Lights are shining in the neighborhood.
The city, in partnership with Tampa Electric Co., has installed 127 new streetlights throughout Sulphur Springs. In addition, tree branches that covered existing streetlights have been trimmed.
The work was part of the city’s “Bright Lights, Safe Nights” initiative announced in October. During the next five years 8,400 streetlights will be added in Tampa’s neighborhoods. The goal is to make residents feel safer and criminals less comfortable hanging out on streets, dealing drugs or committing other unlawful acts.
Last week Mayor Bob Buckhorn and Tampa Electric Co. President Gordon Gillette rode a bucket-truck arm to the top of the last streetlight pole recently installed in Sulphur Springs. Once aloft they cut a ribbon, signifying the project’s completion.
About 20 neighborhood residents, city employees, Tampa police officers, and city council members Frank Reddick and Lisa Montelione attended the brief ceremony on Nedro Drive.
“This is another milestone in what happens here in Sulphur Springs,” said Joseph Robinson, president of the Sulphur Springs Action League. “It’s going to make a difference. People will start coming out in the evenings and maybe walking.”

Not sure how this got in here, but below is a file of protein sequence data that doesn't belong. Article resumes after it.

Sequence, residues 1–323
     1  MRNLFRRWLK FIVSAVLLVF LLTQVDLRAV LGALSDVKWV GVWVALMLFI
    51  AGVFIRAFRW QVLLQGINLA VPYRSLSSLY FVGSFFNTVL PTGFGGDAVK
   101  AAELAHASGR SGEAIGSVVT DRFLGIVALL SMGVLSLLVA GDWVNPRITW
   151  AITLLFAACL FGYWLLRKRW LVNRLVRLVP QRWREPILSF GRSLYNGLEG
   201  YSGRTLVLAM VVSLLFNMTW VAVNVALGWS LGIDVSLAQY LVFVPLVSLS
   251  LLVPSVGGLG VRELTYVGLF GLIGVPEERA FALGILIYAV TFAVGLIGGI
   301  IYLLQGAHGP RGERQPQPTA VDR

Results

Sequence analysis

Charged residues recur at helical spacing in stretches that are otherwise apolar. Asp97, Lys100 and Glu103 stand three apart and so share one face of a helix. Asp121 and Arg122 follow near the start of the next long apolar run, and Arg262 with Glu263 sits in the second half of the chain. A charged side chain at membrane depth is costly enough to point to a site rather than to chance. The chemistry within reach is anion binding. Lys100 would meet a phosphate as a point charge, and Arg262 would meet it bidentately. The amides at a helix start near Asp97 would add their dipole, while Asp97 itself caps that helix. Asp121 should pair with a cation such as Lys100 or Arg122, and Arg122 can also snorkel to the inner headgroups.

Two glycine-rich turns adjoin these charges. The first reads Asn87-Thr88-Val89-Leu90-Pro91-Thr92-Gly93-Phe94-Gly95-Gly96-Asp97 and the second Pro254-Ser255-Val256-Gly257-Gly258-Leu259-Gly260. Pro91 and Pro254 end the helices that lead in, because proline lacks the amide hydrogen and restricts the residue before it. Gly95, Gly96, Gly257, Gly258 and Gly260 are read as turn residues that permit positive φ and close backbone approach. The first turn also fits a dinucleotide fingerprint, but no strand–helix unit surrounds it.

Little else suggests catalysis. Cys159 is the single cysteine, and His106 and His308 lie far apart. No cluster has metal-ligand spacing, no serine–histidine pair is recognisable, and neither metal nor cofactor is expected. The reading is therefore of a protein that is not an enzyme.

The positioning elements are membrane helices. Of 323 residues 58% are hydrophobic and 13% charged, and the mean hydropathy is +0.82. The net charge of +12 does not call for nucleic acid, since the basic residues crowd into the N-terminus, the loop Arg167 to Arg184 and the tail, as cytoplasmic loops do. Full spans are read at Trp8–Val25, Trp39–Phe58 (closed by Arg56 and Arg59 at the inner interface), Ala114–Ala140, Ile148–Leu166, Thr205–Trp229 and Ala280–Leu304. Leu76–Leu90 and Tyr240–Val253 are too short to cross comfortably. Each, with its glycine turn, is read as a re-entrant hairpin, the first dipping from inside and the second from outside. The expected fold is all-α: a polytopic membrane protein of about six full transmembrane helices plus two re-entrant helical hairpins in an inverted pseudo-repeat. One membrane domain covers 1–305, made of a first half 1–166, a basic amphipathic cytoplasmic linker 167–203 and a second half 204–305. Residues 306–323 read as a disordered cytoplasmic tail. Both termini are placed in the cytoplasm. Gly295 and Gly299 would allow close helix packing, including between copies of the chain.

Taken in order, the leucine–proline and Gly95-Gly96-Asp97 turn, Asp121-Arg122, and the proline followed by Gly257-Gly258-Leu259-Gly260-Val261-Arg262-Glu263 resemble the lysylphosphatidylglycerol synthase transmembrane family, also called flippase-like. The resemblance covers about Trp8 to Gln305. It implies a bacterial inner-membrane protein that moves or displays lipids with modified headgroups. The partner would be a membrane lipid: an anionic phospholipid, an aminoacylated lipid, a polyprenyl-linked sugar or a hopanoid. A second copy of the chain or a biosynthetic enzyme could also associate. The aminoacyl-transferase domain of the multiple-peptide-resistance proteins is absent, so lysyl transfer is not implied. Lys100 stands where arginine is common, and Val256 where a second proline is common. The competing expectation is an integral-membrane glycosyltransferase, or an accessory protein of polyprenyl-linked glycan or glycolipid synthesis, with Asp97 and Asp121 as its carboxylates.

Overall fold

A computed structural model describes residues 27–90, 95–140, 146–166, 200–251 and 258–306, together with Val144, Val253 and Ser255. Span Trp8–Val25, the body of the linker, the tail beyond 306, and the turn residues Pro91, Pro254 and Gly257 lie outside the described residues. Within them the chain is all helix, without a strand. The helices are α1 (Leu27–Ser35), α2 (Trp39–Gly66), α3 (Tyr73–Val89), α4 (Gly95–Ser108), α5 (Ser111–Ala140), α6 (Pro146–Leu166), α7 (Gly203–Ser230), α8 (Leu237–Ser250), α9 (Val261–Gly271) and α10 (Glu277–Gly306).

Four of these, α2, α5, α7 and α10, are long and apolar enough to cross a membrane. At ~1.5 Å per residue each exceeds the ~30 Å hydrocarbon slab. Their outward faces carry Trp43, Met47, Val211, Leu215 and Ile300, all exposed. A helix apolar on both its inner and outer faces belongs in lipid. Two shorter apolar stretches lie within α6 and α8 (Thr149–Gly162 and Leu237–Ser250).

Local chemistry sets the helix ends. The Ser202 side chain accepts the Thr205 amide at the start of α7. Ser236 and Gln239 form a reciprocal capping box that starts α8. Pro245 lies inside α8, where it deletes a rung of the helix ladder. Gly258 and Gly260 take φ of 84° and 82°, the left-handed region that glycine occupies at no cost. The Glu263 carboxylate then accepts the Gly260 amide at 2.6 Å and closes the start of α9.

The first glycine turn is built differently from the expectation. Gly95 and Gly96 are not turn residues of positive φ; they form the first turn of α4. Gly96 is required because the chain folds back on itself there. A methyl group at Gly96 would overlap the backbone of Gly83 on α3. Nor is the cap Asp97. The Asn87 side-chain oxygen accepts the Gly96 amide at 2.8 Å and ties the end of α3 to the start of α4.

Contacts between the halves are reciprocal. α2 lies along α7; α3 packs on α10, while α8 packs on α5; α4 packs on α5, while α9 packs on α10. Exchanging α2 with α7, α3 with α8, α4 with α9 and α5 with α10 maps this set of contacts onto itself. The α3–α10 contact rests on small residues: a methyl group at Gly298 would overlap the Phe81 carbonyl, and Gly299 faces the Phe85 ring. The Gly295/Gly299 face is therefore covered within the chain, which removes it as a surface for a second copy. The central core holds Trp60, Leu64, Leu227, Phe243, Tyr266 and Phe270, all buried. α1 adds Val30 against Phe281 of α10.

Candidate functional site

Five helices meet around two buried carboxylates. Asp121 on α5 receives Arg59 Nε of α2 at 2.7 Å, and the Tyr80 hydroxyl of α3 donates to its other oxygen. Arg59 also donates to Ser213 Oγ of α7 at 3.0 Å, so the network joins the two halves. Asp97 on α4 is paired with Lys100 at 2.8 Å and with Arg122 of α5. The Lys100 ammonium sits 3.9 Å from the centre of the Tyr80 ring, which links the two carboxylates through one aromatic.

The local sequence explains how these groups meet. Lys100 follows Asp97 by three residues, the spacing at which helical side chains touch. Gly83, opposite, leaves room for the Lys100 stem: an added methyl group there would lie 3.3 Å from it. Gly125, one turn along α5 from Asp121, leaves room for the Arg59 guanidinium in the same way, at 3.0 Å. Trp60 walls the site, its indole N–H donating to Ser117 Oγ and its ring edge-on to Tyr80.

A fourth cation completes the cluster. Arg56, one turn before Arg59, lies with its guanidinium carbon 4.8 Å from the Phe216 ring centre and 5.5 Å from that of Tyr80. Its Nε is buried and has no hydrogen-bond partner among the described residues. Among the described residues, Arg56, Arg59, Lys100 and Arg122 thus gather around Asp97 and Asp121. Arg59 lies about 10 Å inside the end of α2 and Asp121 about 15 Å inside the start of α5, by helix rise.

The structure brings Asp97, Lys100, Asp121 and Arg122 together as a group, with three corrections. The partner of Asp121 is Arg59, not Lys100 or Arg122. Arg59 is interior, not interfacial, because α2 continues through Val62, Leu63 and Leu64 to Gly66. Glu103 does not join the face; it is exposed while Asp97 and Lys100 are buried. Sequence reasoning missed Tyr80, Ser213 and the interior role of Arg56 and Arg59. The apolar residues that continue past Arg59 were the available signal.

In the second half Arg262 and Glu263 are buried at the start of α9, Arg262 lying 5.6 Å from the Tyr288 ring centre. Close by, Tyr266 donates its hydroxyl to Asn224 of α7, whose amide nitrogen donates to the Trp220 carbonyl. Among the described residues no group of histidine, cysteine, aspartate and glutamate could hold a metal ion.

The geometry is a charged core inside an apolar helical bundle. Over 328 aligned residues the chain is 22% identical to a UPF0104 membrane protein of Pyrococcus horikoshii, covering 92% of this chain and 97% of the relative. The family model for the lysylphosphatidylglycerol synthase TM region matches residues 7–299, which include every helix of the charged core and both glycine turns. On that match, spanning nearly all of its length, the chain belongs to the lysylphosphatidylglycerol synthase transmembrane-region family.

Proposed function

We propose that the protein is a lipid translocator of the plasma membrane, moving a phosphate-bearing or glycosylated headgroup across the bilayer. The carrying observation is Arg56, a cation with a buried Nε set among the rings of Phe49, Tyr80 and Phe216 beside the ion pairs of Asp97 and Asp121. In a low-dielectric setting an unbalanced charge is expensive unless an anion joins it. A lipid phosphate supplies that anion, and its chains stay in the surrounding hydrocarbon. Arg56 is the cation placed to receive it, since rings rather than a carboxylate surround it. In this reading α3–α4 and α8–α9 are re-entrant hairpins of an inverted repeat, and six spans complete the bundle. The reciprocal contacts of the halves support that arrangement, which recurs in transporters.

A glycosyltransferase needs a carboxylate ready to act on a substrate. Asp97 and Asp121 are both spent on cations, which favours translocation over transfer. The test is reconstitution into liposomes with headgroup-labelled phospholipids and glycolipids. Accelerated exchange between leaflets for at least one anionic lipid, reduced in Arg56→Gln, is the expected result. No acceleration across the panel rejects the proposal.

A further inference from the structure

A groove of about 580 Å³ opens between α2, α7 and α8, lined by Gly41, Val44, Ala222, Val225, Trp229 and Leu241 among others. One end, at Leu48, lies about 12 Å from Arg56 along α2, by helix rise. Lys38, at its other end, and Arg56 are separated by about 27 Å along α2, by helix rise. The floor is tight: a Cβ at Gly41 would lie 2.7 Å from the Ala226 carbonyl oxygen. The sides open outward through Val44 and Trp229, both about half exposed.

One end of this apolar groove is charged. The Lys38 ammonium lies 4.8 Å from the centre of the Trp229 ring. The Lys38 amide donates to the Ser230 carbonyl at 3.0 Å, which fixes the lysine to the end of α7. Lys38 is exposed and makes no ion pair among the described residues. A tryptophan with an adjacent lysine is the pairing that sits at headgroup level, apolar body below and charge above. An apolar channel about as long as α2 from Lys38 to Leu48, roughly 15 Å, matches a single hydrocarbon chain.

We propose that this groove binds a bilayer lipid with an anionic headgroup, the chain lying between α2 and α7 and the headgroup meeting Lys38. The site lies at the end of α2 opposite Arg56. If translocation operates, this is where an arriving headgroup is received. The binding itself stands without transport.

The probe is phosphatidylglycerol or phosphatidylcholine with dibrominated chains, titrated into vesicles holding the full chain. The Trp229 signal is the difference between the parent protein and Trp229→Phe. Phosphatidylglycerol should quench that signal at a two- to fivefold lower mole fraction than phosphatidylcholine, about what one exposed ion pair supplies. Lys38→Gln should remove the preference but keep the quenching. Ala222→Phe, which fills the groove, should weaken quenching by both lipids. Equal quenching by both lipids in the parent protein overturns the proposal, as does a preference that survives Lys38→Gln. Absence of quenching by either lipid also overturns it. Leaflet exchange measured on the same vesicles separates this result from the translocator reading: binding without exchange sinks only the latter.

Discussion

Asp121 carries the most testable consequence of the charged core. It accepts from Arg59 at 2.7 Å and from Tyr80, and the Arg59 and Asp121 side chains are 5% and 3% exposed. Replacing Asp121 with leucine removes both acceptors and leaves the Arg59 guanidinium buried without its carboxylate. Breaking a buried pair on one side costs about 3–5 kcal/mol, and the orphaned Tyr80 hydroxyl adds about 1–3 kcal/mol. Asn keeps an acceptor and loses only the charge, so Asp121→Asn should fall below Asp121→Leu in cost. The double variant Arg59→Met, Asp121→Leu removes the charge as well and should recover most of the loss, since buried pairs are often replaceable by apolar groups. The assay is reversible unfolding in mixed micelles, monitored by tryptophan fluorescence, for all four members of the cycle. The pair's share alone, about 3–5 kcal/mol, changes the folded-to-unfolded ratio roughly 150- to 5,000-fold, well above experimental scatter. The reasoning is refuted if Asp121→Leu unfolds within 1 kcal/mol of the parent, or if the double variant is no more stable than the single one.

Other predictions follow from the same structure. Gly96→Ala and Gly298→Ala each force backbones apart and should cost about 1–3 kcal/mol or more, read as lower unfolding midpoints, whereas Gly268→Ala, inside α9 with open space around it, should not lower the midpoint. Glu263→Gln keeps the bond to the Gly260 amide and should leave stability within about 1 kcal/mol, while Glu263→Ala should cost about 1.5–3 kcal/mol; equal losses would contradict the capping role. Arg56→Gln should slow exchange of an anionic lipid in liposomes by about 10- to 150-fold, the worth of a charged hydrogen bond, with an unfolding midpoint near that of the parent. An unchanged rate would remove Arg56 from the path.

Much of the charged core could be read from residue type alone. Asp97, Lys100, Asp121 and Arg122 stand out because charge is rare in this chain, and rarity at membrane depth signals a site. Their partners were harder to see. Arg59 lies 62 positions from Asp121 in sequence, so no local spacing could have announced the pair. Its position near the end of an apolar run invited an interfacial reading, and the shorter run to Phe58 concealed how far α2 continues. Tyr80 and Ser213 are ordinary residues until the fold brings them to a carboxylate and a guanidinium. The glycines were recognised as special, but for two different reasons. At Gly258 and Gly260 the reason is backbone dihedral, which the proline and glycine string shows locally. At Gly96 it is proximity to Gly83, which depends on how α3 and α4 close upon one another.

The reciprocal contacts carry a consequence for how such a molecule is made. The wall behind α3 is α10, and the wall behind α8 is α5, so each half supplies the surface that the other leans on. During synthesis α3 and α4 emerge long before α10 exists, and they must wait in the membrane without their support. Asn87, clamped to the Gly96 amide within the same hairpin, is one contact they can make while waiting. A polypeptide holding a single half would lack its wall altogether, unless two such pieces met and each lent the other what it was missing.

Buckhorn singled out a Sulphur Springs’ couple, Curtis and Kay Simmons, and their newborn daughter, Madison, as the reason the city is doing this project.
“Baby Madison is now going to grow up in a safer environment,” the mayor said.
He also spoke of the city’s Nehemiah Project, which entails tearing down 51 abandoned or derelict homes in Sulphur Springs. “This is a good day,” Buckhorn said. “Sulphur Springs is alive. It’s coming back.”
The Simmons said they were pleased to have the additional streetlight on Nedro, which they described as a quiet street. They want to see it stay that way, and more lighting will help.
“It’s pretty dark out here without it,” Kay Simmons said.
Sulphur Springs is the first neighborhood to get new lights and tree trimmings. The city and TECO next go to the Jackson Heights area of East Tampa.
City leaders plan to spend $2.2 million on the five-year project. Each year a citywide streetlight inventory will be done. When the entire project is completed, Tampa officials say, overall lighting in the city will have increased about 30 percent.